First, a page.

But now a specific ALK group—connections in Australia, NZ, Canada, the US. Friends online have become friends in person. Friends we’ve shared our lives with, who’ve stayed with us, and at whose funerals we’ve wept.
Jab… Jab… Jab…
Our technique has certainly improved.
But it was the right-hand knockout punch that caught us as much as our opponent by surprise.
It totally blew us away. LC throwing in the towel. NED being announced and continuing to be announced with successive scans.
The joy and privilege of life granted, the miracle of healing despite the odds and the usually powerless chemotherapy combination.
The knockout punch forged through desperation last time, has now strengthened.
The right-hand cross of trust in God, forged in the battle last time, supported by the reading and writing of books and, most importantly, given its power by people’s prayers. This punch has continued to be practiced and used and refined.
It’s been humbling to have had so many people say to us over the intervening years that they’ve been praying for us.
David didn’t want you to be uninformed.
You prayed and many have given thanks on our behalf for the gracious favour granted to us in answer to the prayers of so many. To see prayer—intentional and interventional—makes us more aware than ever that we’re not alone, and we don’t suffer alone or in silence. God had given us the community of the church to care, love, support and pray for each other.
8 We do not want you to be uninformed, brothers and sisters, about the troubles we experienced in the province of Asia. We were under great pressure, far beyond our ability to endure, so that we despaired of life itself. 9 Indeed, we felt we had received the sentence of death. But this happened that we might not rely on ourselves but on God, who raises the dead. 10 He has delivered us from such a deadly peril, and he will deliver us again. On him we have set our hope that he will continue to deliver us, 11 as you help us by your prayers. Then many will give thanks on our behalf for the gracious favour granted us in answer to the prayers of many.
(2 Corinthians 1:8-11)
It’s been amazing to see God at work in so many ways through this first round.
To know the reality of Romans 8:28 in our lives, and to see the effect flow on into the lives of others.
And we know that in all things God works for the good of those who love him, who have been called according to his purpose.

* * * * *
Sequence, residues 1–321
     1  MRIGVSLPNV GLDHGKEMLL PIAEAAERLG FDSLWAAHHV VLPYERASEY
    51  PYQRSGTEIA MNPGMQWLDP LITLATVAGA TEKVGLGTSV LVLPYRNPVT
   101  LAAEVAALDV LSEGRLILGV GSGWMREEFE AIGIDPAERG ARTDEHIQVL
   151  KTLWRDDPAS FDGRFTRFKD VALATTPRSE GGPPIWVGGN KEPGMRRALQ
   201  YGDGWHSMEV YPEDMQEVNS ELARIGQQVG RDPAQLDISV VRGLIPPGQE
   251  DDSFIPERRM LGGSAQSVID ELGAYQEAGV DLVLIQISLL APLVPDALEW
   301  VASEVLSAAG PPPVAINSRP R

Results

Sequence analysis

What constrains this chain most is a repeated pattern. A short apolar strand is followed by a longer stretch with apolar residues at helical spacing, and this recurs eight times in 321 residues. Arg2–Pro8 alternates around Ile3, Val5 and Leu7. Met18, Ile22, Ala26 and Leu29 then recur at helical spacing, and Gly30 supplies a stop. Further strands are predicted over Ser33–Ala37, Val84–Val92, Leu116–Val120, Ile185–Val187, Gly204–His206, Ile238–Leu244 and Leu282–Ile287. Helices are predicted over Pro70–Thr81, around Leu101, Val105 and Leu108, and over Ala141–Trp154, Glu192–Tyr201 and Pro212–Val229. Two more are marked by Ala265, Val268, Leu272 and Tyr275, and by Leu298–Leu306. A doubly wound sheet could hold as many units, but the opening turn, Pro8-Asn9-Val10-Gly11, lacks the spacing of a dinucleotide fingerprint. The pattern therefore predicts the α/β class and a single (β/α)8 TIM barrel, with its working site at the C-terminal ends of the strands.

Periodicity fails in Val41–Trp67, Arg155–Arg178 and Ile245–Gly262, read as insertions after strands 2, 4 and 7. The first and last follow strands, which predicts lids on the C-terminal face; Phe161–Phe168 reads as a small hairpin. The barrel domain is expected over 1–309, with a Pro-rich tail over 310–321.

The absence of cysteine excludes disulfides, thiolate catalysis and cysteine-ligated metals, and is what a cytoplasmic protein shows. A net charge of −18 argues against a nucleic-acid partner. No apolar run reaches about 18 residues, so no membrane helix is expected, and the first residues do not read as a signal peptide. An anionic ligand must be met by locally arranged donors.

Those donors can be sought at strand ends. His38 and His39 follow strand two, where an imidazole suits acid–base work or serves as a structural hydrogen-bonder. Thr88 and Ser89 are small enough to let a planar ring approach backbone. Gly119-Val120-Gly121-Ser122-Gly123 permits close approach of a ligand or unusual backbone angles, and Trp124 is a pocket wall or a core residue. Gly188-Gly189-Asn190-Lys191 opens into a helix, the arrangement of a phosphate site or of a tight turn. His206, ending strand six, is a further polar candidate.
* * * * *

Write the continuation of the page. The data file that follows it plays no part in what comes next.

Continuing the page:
It’s been wonderful to enjoy the peace of Philippians 4:6-7, rather than anxiety.
6 Do not be anxious about anything, but in every situation, by prayer and petition, with thanksgiving, present your requests to God. 7 And the peace of God, which transcends all understanding, will guard your hearts and your minds in Christ Jesus.
It’s been a blessing to rejoice in our physical, emotional and spiritual sufferings, and to know the hope that God gives. It’s been a privilege to see God act in mercy, reconciling people to himself.
3 we also glory in our sufferings, because we know that suffering produces perseverance;4 perseverance, character; and character, hope. 5 And hope does not put us to shame, because God’s love has been poured out into our hearts through the Holy Spirit, who has been given to us.
It’s been a joy to receive comfort from God and to seek to offer real comfort to others, through the comfort we have received, praying with and for them, trying to encourage others to persevere through suffering because the rewards are immense.
3 Praise be to the God and Father of our Lord Jesus Christ, the Father of compassion and the God of all comfort, 4 who comforts us in all our troubles, so that we can comfort those in any trouble with the comfort we ourselves receive from God.
(2 Corinthians 1:3-4)
It’s been a privilege to continue to minister to God’s people, to hear David preach, to be part of our local churches—Crossroads, Stromlo, and now Salt.
It’s an awesome thought to know that we’re in the plans and purposes of God for our lives. To know that nothing is beyond his control, his knowledge, his reach, his working. To know that our time is in his hands, that he is all powerful and all good, and that he is indeed our Rock and our Redeemer.
The bell rings for round 2.
They had never wanted to enter the ring first round. They wouldn’t have wished it on their worst enemies, and yet it has been a joy and a privilege and something that had brought them closer to God and given new ways to serve others.
The bell rings for round 2.
Slowly the middleweight climbs onto the canvas. The scoffers and jeerers can be heard. The doubters are fearful. The resilient stand grim-faced and determined.
The crowd is expectant.
The bell rings.
The combatants face off, mentally preparing for jab, jab, jab, right cross.
But this round and many others were all won so many years ago.
Jab… the creator and sustainer of the world entered our world as a human being.
Jab… his teaching brought wisdom and understanding of the one true God.
Jab… his miracles pointed out the presence of God in their midst.
Uppercut to the jaw… his crucifixion.
Knockout punch… his resurrection.
The bell rings for round 2.
The combatants step up.
There is confidence and a trusting smile, for we know that Round 2 was won many years before. And even if we lose, yet we win.
20 I eagerly expect and hope that I will in no way be ashamed, but will have sufficient courage so that now as always Christ will be exalted in my body, whether by life or by death. 21 For to me, to live is Christ and to die is gain. 22 If I am to go on living in the body, this will mean fruitful labor for me. Yet what shall I choose? I do not know! 23 I am torn between the two: I desire to depart and be with Christ, which is better by far; 24 but it is more necessary for you that I remain in the body.
And through it all, we keep trusting in our great God—faithful, kind, good, sovereign, loving, and powerful— and we are deeply grateful for those who will pray with us through this next round, comforting, encouraging and spurring us on.